Architecture students, BWC unveil Mobile Market trailer

“This project was part of a service-learning initiative that we have been doing since the beginning trying to help the community, and our students were fully engaged with it,” TSC Architecture Instructor Dr. Murad Abusalim said. “We’re looking to continue to do projects like these in the future and adapt the projects to our curriculum.”

“The Mobile Market trailer is part of an ongoing partnership with the Brownsville Wellness Coalition,” he added. “We have worked together in the past on community gardens around the Brownsville. A common factor among the projects that we have been involved with is that little by little, project by project, we try to solve issues of food deserts and food-related problems like obesity and diabetes.”

The Mobile Market trailer was a semester-long service learning project that the architecture students started at the beginning of the Fall 2015 semester.

“It was an amazing project that I was able to participate in from research to construction,” TSC architecture student Celia Padilla said. “It was a lot of hard work, but I’m really glad I did this. I had never done something like this before. I spent a lot of time on the project and the experience will help me a lot in the future.”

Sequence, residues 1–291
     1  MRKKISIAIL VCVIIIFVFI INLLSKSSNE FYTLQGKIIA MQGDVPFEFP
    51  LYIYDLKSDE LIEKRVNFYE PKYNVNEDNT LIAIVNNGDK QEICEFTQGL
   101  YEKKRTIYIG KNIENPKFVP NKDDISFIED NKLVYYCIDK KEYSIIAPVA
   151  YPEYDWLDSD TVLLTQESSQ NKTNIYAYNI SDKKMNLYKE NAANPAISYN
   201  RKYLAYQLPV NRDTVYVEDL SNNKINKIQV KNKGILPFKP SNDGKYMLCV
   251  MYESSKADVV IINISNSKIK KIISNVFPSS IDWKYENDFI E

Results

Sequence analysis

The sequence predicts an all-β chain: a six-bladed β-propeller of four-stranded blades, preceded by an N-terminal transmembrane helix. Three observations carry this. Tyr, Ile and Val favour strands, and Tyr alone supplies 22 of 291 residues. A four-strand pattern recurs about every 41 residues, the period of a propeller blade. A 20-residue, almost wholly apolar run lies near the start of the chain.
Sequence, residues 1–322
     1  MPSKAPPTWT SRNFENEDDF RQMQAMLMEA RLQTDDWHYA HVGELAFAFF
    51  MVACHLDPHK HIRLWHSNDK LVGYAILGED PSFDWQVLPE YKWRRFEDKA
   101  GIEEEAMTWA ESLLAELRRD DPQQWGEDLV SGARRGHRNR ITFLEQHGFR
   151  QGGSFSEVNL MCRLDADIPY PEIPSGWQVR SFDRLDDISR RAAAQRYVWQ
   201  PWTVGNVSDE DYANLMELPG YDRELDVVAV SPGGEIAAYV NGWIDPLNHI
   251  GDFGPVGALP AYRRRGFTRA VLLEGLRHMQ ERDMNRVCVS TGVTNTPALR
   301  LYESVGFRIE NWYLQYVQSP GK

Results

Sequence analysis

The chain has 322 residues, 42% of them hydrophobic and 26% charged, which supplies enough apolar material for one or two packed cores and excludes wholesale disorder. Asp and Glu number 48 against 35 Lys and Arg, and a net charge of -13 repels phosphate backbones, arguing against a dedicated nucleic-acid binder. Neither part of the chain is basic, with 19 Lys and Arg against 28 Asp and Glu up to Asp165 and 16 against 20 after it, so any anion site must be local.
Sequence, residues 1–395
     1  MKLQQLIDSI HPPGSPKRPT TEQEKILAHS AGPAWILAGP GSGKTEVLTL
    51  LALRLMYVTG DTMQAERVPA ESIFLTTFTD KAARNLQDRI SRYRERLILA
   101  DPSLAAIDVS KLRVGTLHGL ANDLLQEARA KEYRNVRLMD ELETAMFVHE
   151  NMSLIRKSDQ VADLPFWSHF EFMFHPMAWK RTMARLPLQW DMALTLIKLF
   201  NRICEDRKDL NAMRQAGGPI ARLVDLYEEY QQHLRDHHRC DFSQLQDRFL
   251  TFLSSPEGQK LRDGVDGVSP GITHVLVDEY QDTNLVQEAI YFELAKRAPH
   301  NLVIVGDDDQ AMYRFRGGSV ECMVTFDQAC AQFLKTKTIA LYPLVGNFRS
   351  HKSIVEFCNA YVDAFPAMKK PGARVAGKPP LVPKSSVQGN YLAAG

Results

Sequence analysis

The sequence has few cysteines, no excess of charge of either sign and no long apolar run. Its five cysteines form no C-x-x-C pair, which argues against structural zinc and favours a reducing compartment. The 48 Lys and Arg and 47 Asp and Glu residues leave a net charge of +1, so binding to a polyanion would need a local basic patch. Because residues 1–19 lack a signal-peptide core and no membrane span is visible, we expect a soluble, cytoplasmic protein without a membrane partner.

Working with a $7,500 budget provided by the BWC, the students researched, designed and built the Mobile Market trailer to benefit residents in low-income food deserts located around Brownsville.

Food deserts are usually located in impoverished areas that lack fresh fruits, vegetables and other healthy whole foods due to the lack of access to grocery stores, farmers’ markets or healthy food providers, according to the USDA.

“We have so many food deserts in the Brownsville area,” BWC Executive Director Melissa Delgado said. “Our community has low income and low transportation, so a lot of people can’t get to a store or market that has fresh fruits and vegetables easily. The Mobile Market project that TSC students completed will bring healthy food choices directly to our highest risk population and will make it affordable so we can help our community get healthier.”

“We have a high rate of diabetes and obesity in our area and we can help by bringing healthy food to disadvantaged areas that may not have access to fruits and vegetables,” added TSC architecture student Cecilia Rodríguez. “Just thinking about the impact this can have on the community has been exciting, and a great experience.”

About Texas Southmost College
Originally established in 1926, Texas Southmost College offers the first two years toward a bachelor’s degree, along with career and technical education, college preparatory studies to prepare students for college-level work, workforce training, and continuing education. Recently selected as a Bright Spot by the White House Initiative on Educational Excellence for Hispanics, TSC offers 53 programs of study leading to an associate degree or certificate.